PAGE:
Conservation Stewardship Program interim final rule posted in Federal Register
The interim final rule for the Conservation Stewardship Program was posted July 29, 2009, in the Federal Register and is open for public comment. The deadline to submit comments is September 28, 2009. The CSP rule will be finalized in FY 2010. For more information go to www.nrcs.usda.gov/programs/farmbill/2008/pdfs/E9-17812.pdf.
The Food, Conservation, and Energy Act of 2008 amended the Food Security Act of 1985 to establish the CSP. The purpose of the CSP is to encourage producers to address resource concerns in a comprehensive manner by undertaking additional conservation activities, and improving, maintaining and managing existing conservation activities. This interim final rule, with request for comment, sets forth the policies, procedures, and requirements necessary to implement the CSP as authorized by the 2008 Act amendments. The Secretary of the United States Department of Agriculture has delegated authority to the Natural Resources Conservation Service to administer CSP.
For the initial signup period, NRCS recommends that the CSP program design place equal weight on the considered program ranking factors until program performance is established. Given that program performance has not been established, NRCS seeks public comment on which option best enables NRCS to meet program objectives.
Through CSP, NRCS will provide financial and technical assistance to eligible producers to conserve and enhance soil, water, air, and related natural resources on their land. Eligible lands include cropland, grassland, prairie land, improved pastureland, rangeland, nonindustrial private forestlands, agricultural land under the jurisdiction of an Indian tribe, and other private agricultural land (including cropped woodland, marshes, and agricultural land used for the production of livestock) on which resource concerns related to agricultural production could be addressed.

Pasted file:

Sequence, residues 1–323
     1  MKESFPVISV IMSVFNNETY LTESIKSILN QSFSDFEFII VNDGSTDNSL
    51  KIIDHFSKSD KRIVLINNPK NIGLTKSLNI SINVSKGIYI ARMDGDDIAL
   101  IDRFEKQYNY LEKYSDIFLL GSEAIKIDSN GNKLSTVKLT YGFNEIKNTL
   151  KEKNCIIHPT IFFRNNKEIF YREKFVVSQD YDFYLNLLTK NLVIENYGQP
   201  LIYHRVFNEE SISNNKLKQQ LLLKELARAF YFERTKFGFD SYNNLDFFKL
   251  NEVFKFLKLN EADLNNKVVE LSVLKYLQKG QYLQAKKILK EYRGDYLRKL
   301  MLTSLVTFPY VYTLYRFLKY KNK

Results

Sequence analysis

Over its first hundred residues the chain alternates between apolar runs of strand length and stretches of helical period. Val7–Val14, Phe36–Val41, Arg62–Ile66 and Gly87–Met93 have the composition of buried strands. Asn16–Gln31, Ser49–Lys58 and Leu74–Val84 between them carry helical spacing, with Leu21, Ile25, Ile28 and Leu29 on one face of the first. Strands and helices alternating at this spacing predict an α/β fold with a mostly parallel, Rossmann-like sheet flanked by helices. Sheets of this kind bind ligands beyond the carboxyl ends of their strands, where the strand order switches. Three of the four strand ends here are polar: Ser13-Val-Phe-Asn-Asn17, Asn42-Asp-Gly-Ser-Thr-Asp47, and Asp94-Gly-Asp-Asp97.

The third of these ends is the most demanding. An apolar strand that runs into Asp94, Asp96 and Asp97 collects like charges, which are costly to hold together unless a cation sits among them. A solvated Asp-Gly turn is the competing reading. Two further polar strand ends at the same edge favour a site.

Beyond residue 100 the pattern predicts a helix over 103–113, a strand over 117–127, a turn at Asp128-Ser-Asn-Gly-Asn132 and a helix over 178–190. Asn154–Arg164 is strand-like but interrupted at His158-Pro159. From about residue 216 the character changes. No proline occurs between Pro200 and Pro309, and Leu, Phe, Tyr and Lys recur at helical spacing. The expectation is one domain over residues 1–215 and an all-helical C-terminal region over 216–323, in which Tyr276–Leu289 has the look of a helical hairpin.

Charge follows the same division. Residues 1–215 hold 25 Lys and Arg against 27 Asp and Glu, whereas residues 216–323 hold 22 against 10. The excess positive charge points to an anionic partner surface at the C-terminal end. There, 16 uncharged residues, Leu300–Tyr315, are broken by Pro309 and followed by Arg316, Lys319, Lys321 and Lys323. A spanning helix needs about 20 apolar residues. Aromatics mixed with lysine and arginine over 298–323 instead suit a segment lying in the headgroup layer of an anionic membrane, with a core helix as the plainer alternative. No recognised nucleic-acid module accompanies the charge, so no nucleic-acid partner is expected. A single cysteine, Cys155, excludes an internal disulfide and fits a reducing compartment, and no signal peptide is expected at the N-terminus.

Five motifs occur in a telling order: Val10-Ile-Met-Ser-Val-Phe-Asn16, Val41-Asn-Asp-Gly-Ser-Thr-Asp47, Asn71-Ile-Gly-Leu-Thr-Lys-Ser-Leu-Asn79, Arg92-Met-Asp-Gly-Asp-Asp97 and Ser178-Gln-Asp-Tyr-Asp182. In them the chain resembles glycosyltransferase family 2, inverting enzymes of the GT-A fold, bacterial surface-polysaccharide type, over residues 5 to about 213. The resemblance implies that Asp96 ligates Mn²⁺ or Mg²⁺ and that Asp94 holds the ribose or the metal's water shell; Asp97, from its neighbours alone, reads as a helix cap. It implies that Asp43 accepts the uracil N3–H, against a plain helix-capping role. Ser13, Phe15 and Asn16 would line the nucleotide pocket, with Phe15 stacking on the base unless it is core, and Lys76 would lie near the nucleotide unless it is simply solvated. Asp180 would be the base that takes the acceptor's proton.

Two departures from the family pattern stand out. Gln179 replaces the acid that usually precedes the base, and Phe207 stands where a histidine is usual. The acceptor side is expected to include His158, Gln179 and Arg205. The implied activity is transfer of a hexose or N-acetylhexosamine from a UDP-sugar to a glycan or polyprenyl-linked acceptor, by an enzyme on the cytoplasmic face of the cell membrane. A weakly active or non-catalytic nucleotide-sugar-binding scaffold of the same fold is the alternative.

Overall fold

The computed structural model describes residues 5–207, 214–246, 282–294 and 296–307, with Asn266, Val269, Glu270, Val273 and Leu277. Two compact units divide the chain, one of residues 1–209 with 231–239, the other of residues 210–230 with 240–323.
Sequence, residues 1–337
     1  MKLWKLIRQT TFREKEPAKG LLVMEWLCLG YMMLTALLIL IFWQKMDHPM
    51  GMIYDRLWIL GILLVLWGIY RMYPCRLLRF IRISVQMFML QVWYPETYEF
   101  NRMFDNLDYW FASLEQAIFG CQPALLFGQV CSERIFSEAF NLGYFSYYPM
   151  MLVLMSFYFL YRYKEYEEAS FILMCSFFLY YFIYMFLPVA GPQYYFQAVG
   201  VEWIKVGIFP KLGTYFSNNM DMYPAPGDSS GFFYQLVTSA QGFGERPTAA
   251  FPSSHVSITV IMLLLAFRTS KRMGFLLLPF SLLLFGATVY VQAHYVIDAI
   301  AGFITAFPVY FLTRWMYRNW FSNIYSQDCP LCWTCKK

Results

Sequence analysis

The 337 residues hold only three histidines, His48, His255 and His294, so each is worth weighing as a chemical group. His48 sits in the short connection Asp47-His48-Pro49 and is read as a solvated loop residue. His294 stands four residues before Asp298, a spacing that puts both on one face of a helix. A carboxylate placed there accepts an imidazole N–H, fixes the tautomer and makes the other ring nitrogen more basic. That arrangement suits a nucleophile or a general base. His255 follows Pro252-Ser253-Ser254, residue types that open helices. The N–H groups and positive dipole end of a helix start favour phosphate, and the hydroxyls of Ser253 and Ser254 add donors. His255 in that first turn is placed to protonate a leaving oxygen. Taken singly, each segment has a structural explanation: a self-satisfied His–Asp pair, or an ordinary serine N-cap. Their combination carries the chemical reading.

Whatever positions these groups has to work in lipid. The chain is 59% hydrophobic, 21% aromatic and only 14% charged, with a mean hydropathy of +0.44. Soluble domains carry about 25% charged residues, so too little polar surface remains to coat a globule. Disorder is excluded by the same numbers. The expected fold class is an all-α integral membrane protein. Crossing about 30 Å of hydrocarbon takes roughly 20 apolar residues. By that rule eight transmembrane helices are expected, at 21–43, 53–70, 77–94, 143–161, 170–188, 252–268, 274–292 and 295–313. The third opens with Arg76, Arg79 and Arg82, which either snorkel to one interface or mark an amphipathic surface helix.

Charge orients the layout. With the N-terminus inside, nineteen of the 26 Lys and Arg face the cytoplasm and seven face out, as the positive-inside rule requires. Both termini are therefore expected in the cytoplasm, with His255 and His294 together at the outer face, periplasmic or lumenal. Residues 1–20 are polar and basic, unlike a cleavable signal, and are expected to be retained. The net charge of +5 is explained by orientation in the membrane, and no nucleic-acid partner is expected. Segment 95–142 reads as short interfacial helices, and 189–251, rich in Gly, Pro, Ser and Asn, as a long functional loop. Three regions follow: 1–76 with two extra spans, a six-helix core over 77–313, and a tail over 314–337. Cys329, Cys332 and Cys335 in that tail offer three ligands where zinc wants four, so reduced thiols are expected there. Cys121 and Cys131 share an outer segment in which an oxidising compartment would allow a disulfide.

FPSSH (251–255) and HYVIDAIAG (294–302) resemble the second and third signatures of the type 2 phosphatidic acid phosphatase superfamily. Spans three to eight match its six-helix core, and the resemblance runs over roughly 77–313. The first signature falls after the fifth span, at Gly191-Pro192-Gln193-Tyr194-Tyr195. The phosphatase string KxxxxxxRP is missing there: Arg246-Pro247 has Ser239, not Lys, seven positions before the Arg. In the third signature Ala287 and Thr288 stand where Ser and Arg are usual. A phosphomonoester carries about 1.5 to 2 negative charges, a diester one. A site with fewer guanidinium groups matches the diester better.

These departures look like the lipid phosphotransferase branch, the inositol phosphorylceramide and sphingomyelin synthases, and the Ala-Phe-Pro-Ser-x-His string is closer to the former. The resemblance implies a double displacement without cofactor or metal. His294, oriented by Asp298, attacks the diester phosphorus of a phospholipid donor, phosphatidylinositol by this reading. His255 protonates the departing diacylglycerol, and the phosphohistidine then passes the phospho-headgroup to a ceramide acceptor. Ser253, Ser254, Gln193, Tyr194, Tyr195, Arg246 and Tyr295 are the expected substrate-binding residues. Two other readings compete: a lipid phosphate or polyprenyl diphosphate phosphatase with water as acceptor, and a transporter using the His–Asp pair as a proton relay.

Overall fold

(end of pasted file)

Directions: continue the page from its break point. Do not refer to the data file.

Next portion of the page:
The State Conservationist, in consultation with the State Technical Committee and local work groups, will focus program impacts on natural resources that are of specific concern for a State, or the specific geographic areas within a State. Applications will be evaluated relative to other applications addressing similar priority resource concerns to facilitate a competitive ranking process among applicants who face similar resource challenges. NRCS will make funding for CSP available nationwide on a continuous application basis.
The 2008 Act requires NRCS to manage CSP to achieve a national average rate of $18 per acre, which includes the costs of all financial and technical assistance, and any other expenses associated with program enrollment and participation. NRCS will use a producer self-screening checklist to help potential applicants decide for themselves whether CSP is the right program for them and their operation. The process focuses on basic information about CSP eligibility requirements and contract obligations.
The NRCS will establish a national target to set aside five percent of CSP acres for socially disadvantaged farmers or ranchers and an additional five percent of CSP acres for beginning farmers or ranchers. State Conservationists will obtain advice from State Technical Committees and local working groups on State program technical policies, outreach efforts, and program issues.
For more information about CSP, go to www.nrcs.usda.gov/programs/new_csp/csp.html.